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Gang sentenced for £76,000 false certificate fraud

On Friday 21 April 2017, four men were sentenced to a total of more than four years at the Old Bailey after they made, sold and used false certificates and documents with a view to assisting people in gaining employment fraudulently. The gang made £76,144 from the fraud.

The men were sentenced to:

Richard Stanley, aged 38 of Haigh Court, Brampton Bierlow, Rotherham – two years imprisonment

Andrew Downes, aged 55 of Llys Mair, Burry Port, Wales – two years imprisonment

Nicholas Borg, aged 35 of Dartmouth Walk, Plymouth – 12 month suspended prison sentence

Michael Andrews, aged 54 of Richmond upon Thames – 10 months imprisonment

The City of London Police Fraud Squad was contacted by the Maritime and Coastguard Agency (MCA) in October 2013 concerning reports from maritime security industry training bodies about false certificates. The City of London Police Fraud Squad and MCA investigators subsequently discovered that from August 2011 to February 2014, Richard Stanley and Andrew Downes made and sold falsified certificates, qualifications and Criminal Record Bureau checks, including medical examinations, military references, firearms and seafarer safety certifications that enabled people to gain employment. Stanley was charging up to £600 per certificate. As an associate of Stanley, Nicholas Borg also bought certificates from him in addition to supplying him with the contact details of potential customers, for which Borg was paid a total of £4,100.

Stanley, Downes and Borg were arrested on 9 September 2014.

Andrews purchased his false certificates and documents through websites and eBay accounts run by Downes independently of Stanley. Having worked for Richmond Council in 2005, Andrews submitted falsified certificates in an unsuccessful bid to join its Register of Social Care Workers, after which he resigned. He was again unsuccessful when he resubmitted these certificates to the General Social Care Council in 2007. From 2009 onwards, he then submitted his certificates to The Health and Care Professions Council (HCPC) claiming to be a Doctor of Psychology with the aim of building a platform to advertise his services and gain employment. Andrews is no longer registered with the HCPC.

Andrews also attempted to gain employment by stealing the unique General Medical Council (GMC) reference number of a registered doctor. The GMC took action by reporting the matter to the police and also took steps to ensure that any further fraudulent attempts to use the genuine doctor’s GMC reference number were blocked.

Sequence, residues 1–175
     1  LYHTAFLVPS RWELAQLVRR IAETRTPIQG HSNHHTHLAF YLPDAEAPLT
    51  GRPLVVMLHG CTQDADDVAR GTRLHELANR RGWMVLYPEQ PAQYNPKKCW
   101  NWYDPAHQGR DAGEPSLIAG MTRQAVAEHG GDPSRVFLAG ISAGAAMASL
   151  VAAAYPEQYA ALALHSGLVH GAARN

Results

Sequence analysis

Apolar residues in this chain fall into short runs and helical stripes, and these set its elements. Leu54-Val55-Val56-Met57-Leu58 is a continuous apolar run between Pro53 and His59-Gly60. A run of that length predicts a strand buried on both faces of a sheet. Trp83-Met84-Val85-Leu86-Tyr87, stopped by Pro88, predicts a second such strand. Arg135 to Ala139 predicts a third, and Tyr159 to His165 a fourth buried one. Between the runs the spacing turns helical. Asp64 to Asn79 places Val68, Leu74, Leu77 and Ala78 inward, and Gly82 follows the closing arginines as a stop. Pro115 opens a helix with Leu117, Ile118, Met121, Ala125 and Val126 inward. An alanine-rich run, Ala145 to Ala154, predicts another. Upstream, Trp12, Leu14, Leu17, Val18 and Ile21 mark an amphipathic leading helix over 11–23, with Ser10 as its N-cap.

Evidence seized from Downes’ computer by the Fraud Squad showed that Andrews purchased certificates from Downes claiming to show his false qualifications as a Doctor of Psychology from numerous UK academic institutions.

Andrews was interviewed under caution at his home address on 14 May 2015. He later changed his name to Dr David Michael Andrews and under this name continued his deception by submitting two application forms to the United Kingdom Council of Psychotherapy (UKCP).

Andrews was arrested on 13 April 2016.

The City of London Police Fraud Squad has obtained a criminal behaviour order (CBO) for Andrews for five years relating to him trying to obtain employment in the medical profession.

There is no evidence to suggest that Andrews gained employment fraudulently through the use of these falsified certificates. However patients and clients who suspect they may have been a victim of Andrews are urged to contact their local police force.

Detective Sergeant Joanne Ferguson said: “These men have exploited respected industries and agencies for their own benefit with complete disregard for the individuals they may have put at risk.

“We are pleased to see justice done. This has been a long and complex case and I would like to take this opportunity to thank those involved for their commitment and determination.”

MCA Director of Maritime Safety & Standards, Katy Ware said: “We are pleased with today’s sentencing.

“Our efforts at detecting and investigating these offences, along with those of our partners, demonstrate our commitment to ensuring safety for those at sea and the integrity of the maritime industry. We would like to thank the City of London Police Fraud Squad for their investigations in bringing these men to justice.

“There is a concern that a number of certificates may still be in circulation within the maritime industry and as such, highlights the ongoing need for due diligence and rigorous checks to be carried out by employers on potential employees who serve on ships worldwide.

“We would urge all maritime employers to conduct a thorough background check before offers of employment are made.”

UKCP Chief Executive, Janet Weisz said: “UKCP carries out robust checks on every application we receive. We quickly identified both applications submitted by Andrews to us as fraudulent and contacted the relevant authorities.”

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